WASHINGTON (AP) — The January employment report is expected to show Friday that job growth remained steady last month even though Americans began receiving smaller paychecks that could keep the economy sluggish.
Economists forecast that the economy added 155,000 jobs in January and that the unemployment rate stayed at 7.8 percent for a third straight month, according to a survey by FactSet.
The Labor Department will release the report at 8:30 a.m. EST.
The economy has averaged about 150,000 additional jobs a month over the past two years, not enough to rapidly reduce still-high unemployment.
Still, even modest hiring would cushion the impact of the higher Social Security taxes that most consumers are paying this year. And it would help the economy resume growing after it shrank at an annual rate of 0.1 percent in the October-December quarter.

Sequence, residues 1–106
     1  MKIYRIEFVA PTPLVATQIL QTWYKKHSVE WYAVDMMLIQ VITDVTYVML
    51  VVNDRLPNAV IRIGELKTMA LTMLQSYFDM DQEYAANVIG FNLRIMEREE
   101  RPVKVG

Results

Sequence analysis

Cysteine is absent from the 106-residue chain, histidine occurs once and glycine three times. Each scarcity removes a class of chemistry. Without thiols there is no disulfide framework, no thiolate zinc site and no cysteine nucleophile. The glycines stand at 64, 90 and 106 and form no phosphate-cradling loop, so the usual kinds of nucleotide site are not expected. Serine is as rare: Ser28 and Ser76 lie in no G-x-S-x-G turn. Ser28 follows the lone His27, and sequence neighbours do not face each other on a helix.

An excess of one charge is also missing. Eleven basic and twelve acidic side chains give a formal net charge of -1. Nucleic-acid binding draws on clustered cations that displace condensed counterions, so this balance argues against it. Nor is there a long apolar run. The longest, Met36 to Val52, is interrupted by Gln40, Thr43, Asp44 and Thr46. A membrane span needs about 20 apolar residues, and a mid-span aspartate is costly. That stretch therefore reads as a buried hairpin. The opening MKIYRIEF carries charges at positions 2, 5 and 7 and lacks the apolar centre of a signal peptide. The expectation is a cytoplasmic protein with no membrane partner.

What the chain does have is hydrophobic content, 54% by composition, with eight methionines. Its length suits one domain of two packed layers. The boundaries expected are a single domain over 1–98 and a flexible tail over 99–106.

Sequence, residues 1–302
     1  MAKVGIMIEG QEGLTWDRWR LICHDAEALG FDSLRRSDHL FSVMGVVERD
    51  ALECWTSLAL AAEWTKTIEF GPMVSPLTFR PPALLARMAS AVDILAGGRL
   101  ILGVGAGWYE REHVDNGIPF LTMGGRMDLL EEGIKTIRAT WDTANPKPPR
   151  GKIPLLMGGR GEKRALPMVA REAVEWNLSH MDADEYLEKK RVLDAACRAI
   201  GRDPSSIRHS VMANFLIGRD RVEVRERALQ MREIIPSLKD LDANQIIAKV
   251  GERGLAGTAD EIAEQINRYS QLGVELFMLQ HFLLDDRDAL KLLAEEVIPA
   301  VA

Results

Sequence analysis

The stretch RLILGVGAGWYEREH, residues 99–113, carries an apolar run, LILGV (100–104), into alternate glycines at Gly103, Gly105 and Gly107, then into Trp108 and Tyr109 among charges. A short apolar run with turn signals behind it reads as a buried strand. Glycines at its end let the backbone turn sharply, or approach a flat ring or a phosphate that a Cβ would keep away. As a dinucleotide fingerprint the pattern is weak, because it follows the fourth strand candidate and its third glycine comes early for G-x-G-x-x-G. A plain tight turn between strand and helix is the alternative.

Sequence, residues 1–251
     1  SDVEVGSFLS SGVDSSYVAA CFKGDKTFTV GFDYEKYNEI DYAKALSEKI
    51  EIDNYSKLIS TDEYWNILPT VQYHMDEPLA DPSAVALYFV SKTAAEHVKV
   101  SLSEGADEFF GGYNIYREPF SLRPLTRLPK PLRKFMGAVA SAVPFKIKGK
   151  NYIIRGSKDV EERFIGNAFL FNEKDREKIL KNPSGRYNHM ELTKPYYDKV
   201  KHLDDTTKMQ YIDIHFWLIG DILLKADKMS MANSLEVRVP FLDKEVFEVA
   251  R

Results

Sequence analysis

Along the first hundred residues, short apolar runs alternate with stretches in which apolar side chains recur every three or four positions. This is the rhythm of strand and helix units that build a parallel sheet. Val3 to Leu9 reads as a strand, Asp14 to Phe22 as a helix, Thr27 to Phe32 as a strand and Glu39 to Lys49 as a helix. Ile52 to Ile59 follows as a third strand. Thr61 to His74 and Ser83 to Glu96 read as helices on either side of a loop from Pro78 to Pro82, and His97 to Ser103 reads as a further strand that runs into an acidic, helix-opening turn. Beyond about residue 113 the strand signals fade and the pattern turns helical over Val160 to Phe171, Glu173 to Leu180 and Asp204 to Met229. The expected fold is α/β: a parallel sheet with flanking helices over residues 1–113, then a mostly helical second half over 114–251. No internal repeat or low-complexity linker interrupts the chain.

Higher Social Security taxes are reducing take-home pay for most Americans. A person earning $50,000 a year will have about $1,000 less to spend in 2013. A household with two high-paid workers will have up to $4,500 less.
Analysts expect the Social Security tax increase to shave about a half-point off economic growth in 2013 given that consumers drive about 70 percent of economic activity.
The hit to consumers is coming at a precarious moment for the economy. It contracted in the fourth quarter for the first time in 3½ years. The decline was driven largely by a steep cut in defense spending and a drop in exports. Analysts generally think those factors will prove temporary and that the economy will resume growing.
Still, the contraction last quarter points to what are likely to be key challenges for the economy this year: the prospect of sharp government spending cuts and uncertainty over whether Congress will agree to raise the federal borrowing cap.